Things happen in cycles. Well, that's my take on it.I think there are plenty of things ahead for bicycles. Who would have thought they would make a bike out of carbon fiber? That's a relatively new idea. Disc brakes, 2x10 on MTB (it wasn't that long ago that you couldn't get more than seven), Stans, LED lights, etc. You just have to step back and think about it.

    I am not an Ayn Rand cultist, but there so many things working against entrepreneurship, efficiency, and ingenuity in this country. It's scary to think that you pretty much have to work on what the government says you should work on (i.e. Solar), if you want support.

  14. #14
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    Quote Originally Posted by rogbie View Post
    I wonder how they're going to show the rape scenes.
    No rape scenes. There were two "sex" scenes, but pretty tame. I'd let my kids watch it. I don't even remember hearing any cursing. The acting could have been much better, but I suppose the book really didn't lend itself for scripting. Kind of choppy scenes in the movie that you have the ability to go back to in a book and re-read.

  15. #15
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    I believe you can still buy ival chainrings for the excact same perpose
    The 1st production mountain bike was sold in 1984.
    Anti EBB

  16. #16
    bacon! bacon! bacon!
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    Quote Originally Posted by schnauzers View Post
    Who would have thought they would make a bike out of carbon fiber? That's a relatively new idea.
    I dunno - 20-ish years is pretty "mature" IMO...

  17. #17
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    Quote Originally Posted by SkaredShtles View Post
    I dunno - 20-ish years is pretty "mature" IMO...
    Not really. Twenty years seems to be the norm if you look at bicycle history. No brakes to cantilevers - 20 Years. Three speeds to ten speeds - 20 years. Steel frame to aluminum frame - 20 years.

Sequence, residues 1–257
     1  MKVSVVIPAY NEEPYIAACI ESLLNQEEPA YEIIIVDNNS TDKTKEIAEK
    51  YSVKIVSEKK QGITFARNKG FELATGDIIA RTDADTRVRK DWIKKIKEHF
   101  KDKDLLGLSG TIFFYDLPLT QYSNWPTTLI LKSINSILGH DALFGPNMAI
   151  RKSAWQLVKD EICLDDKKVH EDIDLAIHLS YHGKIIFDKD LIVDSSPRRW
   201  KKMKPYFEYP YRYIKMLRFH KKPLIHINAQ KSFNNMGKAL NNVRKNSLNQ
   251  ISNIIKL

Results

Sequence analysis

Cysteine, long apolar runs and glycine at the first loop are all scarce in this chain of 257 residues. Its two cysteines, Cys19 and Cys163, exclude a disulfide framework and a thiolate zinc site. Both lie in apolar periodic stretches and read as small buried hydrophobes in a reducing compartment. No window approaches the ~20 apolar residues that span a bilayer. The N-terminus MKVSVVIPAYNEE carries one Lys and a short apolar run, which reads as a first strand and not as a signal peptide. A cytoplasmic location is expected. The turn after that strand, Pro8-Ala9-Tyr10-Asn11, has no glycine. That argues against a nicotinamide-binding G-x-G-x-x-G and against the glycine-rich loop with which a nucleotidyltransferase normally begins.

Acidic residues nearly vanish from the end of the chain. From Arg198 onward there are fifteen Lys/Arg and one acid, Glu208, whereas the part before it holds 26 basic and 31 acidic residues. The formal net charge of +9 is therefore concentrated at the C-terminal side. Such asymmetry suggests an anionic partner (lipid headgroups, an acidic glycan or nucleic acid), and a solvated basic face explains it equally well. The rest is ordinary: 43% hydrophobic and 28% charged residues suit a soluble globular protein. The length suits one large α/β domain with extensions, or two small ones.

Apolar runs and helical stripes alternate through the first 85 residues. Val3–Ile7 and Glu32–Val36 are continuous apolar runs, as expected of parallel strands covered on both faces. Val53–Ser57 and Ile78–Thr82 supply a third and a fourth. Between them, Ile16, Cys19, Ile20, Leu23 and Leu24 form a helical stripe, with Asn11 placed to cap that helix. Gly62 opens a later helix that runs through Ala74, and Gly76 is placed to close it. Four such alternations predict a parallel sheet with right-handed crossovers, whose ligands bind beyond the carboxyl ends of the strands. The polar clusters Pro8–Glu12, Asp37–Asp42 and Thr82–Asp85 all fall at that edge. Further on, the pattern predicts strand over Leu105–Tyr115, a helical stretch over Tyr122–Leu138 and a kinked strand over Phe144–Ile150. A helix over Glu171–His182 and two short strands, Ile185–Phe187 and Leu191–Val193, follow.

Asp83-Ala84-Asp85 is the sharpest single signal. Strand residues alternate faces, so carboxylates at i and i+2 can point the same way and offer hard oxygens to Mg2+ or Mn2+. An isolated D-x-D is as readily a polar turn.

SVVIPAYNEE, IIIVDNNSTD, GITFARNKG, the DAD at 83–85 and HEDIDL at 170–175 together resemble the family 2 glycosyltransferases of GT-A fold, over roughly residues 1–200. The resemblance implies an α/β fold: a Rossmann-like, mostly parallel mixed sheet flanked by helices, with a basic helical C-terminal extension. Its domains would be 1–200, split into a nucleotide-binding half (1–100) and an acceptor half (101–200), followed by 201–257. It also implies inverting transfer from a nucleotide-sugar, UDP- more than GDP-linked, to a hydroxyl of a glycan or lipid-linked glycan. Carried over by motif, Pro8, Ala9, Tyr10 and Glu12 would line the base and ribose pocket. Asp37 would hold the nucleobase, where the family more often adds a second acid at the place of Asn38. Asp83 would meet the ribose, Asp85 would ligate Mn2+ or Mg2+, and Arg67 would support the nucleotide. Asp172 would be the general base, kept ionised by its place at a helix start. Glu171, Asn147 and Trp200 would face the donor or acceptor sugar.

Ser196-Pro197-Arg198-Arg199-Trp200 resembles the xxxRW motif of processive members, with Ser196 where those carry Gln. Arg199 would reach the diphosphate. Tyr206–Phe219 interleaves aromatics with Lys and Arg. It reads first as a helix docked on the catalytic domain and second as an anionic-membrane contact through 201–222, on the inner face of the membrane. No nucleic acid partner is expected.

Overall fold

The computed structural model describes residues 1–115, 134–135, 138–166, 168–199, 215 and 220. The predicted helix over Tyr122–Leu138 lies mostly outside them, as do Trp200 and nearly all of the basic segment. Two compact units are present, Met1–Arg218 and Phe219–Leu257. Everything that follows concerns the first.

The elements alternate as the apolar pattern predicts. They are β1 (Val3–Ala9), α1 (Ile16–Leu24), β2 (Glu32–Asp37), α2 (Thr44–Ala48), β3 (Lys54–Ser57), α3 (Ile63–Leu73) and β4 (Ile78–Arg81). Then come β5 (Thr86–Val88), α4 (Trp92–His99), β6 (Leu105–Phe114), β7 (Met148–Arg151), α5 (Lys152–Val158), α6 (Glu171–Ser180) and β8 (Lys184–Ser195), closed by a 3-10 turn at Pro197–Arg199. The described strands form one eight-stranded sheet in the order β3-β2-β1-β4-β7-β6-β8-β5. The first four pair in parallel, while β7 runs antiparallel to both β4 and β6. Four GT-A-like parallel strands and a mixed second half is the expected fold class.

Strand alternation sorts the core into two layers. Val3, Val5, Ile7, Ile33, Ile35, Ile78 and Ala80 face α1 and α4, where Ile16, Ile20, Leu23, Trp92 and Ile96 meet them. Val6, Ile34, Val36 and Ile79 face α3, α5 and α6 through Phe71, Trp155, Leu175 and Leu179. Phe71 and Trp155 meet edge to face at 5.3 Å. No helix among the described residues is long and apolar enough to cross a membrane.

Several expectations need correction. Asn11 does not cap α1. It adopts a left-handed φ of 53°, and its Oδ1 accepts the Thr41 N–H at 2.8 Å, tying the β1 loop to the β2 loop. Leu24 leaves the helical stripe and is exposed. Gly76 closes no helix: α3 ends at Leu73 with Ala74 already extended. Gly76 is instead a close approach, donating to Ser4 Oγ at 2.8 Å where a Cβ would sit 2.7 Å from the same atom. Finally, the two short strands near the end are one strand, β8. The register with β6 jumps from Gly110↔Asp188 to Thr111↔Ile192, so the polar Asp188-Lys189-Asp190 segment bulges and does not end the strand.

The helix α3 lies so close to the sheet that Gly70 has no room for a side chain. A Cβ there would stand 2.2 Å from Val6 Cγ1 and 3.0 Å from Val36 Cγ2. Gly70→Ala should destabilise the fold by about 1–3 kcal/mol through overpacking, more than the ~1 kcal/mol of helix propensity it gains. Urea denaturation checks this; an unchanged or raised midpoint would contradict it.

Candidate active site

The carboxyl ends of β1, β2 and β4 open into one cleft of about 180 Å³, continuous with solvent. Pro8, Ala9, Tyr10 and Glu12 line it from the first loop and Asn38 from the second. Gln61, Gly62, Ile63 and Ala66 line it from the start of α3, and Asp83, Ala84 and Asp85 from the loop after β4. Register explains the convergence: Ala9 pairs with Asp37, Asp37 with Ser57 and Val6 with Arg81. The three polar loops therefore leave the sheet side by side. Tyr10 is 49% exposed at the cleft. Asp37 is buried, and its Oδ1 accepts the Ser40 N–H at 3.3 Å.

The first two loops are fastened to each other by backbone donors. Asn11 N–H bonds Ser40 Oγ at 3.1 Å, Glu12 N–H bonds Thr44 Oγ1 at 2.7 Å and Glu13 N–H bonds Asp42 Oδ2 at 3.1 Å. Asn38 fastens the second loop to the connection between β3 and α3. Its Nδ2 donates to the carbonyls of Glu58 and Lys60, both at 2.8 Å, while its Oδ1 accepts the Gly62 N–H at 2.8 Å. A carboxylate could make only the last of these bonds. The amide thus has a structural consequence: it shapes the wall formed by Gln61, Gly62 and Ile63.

18. #18
    Your bike is incorrigible
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    Yep, I've had two inventions that turned out to already exist. Of course, they were also inventions that no one has seen let alone used.

  19. #19
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    Quote Originally Posted by schnauzers View Post
    Not really. Twenty years seems to be the norm if you look at bicycle history. No brakes to cantilevers - 20 Years. Three speeds to ten speeds - 20 years. Steel frame to aluminum frame - 20 years.

    I'd add 10 or 20 years to that easy..

    It's never been an issue of "ideas", it's always an issue of cost effectiveness.

    There are some RAD ideas out there with materials, designs, etc.. but they just simply aren't cost effective to go to production on the open market.

    As to the OPs post, it would probably be easier to design an internal progressive cam/gearing system to increase the leverage off the cranks then by changing the crank length itself (for the same effect).
    Something akin to the planetary gear reduction systems used in monster truck hubs. An epicyclic gearing system at the cranks would be pretty nutty, but again that whole cost thing...
    Last edited by DrJosiah; 11-26-2011 at 09:35 PM.

  20. #20
    t.i.t.s.ceo/FR amoeba rep